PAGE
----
Diversity Experts Focus on Making Boards and Institutions More Equitable

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In March, the board of directors of the Association of Governing Boards of Universities and Colleges (AGB) released a new mission statement focusing on achieving justice, equity, and inclusion at all institutions. That mission statement came with three strategies: calling for governing boards to apply equity to all their processes; for institutions to apply an equity lens to the entirety of their organization; and for institutions to contribute to the equity of their surrounding communities.

On Wednesday, the National Association of Diversity Officers in Higher Education (NADOHE) hosted a webinar to discuss strategies to achieve this three-part goal. A panel of experts advised that diversity officers should be a part of every major conversation happening at an institution, and that changes made in an effort to improve equity should be made fully transparent to the public.

Dr. Kevin McDonaldDr. Kevin McDonald

Dr. Babur B. Lateef, a member of the University of Virginia’s (UVA) Board of Visitors, said that achieving AGB’s first goal of having a fully supportive board committed to the idea of equity, is critical to the success of their new mission statement.

“In these polarized times, you can be faced with bad press about critical race theory or some nonsense,” he said. “But if the leadership is unanimously behind this effort, a lot of that press will float to the side. People give up when they know the leadership is behind it.”

Dr. Kevin McDonald, vice president for diversity, equity, inclusion, and community partnerships at UVA, said diversity officers are charged with creating strategic plans and implementing those into different areas of an organization. That task, he said, becomes easier when there is a shared responsibility for all to engage in intentional conversations around equity.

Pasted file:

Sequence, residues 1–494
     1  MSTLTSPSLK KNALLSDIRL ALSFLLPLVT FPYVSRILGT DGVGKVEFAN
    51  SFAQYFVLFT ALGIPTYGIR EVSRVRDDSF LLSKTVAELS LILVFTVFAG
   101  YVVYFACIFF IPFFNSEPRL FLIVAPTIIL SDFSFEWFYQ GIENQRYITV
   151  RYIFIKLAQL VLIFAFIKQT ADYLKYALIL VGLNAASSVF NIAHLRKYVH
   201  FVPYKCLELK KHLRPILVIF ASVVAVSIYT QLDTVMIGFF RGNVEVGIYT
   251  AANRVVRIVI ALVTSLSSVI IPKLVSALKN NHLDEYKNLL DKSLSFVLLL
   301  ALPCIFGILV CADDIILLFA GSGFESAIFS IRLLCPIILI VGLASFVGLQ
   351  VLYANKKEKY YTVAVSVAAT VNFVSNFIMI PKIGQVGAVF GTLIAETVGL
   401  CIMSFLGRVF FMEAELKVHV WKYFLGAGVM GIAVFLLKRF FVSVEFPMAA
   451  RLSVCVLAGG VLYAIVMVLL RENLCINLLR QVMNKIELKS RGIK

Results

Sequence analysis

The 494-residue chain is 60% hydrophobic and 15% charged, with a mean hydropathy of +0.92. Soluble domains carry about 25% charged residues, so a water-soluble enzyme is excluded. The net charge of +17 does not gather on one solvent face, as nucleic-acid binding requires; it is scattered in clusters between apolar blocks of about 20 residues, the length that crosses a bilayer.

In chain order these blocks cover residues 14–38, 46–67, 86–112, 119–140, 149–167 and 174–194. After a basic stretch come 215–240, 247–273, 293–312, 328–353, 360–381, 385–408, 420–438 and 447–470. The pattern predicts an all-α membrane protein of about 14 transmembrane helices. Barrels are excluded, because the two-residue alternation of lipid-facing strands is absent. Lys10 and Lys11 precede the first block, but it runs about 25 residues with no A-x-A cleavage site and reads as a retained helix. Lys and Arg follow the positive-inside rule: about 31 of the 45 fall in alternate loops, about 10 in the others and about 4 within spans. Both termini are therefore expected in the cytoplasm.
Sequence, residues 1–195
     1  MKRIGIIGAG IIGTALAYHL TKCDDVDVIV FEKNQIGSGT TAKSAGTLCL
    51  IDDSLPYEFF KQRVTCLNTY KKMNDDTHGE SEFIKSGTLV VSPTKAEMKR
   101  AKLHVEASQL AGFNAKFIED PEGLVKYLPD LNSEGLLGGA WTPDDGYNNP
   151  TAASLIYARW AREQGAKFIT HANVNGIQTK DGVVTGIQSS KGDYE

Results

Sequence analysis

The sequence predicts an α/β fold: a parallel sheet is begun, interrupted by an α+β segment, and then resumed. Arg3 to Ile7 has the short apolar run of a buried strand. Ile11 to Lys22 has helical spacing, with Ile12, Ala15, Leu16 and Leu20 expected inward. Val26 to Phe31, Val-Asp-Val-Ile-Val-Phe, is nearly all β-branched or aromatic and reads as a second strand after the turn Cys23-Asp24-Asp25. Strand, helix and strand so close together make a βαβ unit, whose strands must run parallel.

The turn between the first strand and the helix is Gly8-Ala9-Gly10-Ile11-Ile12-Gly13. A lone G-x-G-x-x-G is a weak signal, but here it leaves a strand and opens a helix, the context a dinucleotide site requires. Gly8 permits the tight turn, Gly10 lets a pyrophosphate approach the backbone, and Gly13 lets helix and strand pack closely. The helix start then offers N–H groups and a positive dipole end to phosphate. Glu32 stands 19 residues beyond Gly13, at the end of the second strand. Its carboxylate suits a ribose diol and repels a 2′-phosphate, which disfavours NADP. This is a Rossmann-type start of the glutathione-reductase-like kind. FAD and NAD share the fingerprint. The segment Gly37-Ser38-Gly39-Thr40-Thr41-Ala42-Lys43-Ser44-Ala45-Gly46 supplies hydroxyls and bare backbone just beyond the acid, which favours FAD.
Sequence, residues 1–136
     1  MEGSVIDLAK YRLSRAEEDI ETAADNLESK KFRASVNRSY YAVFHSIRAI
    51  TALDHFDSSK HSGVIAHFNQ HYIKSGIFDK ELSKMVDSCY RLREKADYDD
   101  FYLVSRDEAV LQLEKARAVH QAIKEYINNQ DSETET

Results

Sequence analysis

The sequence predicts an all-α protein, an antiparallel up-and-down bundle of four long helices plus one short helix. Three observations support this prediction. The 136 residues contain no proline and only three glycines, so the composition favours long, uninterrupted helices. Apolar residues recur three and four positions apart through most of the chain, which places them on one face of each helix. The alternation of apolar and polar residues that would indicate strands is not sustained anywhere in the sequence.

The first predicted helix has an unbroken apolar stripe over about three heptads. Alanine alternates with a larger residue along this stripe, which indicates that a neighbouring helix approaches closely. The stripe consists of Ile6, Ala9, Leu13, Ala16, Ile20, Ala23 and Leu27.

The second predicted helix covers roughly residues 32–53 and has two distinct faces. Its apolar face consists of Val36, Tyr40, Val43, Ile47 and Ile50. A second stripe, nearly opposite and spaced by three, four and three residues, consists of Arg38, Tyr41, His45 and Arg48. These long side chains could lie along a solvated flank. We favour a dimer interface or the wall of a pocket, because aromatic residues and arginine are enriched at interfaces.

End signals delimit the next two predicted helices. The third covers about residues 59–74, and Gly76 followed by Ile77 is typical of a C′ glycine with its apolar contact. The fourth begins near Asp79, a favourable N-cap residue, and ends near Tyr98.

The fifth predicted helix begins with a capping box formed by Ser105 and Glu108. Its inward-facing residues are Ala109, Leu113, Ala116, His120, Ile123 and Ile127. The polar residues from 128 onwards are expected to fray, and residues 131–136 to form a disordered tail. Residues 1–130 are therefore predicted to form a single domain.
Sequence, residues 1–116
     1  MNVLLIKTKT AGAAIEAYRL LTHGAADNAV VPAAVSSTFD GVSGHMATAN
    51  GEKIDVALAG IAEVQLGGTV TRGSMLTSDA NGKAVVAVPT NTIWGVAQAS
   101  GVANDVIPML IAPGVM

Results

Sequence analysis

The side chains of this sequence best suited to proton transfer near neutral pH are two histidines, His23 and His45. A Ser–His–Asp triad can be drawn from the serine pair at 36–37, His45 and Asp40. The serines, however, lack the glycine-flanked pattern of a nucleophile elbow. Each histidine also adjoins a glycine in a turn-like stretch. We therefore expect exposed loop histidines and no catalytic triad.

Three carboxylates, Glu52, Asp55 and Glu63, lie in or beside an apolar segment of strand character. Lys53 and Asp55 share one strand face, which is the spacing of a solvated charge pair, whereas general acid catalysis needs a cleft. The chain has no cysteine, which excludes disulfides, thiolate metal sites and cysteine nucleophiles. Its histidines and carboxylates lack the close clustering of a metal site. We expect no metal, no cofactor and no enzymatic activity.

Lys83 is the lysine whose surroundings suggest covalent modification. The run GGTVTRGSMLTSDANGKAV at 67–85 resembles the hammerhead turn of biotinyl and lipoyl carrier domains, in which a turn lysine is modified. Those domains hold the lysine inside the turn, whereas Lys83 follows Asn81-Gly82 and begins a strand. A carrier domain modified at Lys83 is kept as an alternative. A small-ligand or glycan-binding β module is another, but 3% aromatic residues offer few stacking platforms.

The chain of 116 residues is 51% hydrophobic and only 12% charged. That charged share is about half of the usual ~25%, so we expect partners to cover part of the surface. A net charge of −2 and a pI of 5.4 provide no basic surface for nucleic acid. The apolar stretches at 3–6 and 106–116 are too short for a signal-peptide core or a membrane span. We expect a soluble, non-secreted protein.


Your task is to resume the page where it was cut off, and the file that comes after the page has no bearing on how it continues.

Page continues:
“We need a shared narrative,” McDonald added.

Applying equity across the whole of an institution, will look differently according to where institutions are in their own journey, said Lateef. But no matter what stage of that journey the institution is at, he said, “if [it] doesn’t have diversity, equity, and inclusion in its mission statement somewhere, it needs to get there.”

Dr. Clyde Wilson Pickett, vice chancellor and chief diversity officer at the University of Pittsburgh, said it was important to remind boards, faculty, and staff of why institutions were created in the first place: to provide students with access to a quality education. Institutions that incorporate equity will help to promote a sense of belonging in their traditionally underserved populations, a feeling that is “starting to decline for many students from diverse backgrounds,” he added.

Dr. Clyde Wilson PickettDr. Clyde Wilson Pickett

Institutions must engage with surveys, the panel said, to self-assess their progress. NADOHE President Paulette Granberry-Russell said she has no doubt institutions can do this work.

“You can measure success or failure of any policy, any guideline to promote equity, diversity and inclusion goals,” she said. “First, you identify a goal. You develop baseline data, and then you engage in a set of strategies and tactics that will help move that agenda. Then, evaluate whether those measures have contributed to that success.”

Institutions that make changes with full transparency should also share disaggregated data with the public, which can help with AGB’s third goal of greater community involvement.

“There are times when our communities feel excluded from the life of the institution,” said Granberry-Russell. “When we’re more transparent, we build more trust. Too often we don’t trust our communities enough. We fear our being transparent and sharing data and positions will lead to disappointment. It can be uncomfortable, but it’s not bad. We’re still standing.”

Liann Herder can be reached at lherder@diverseeducation.com.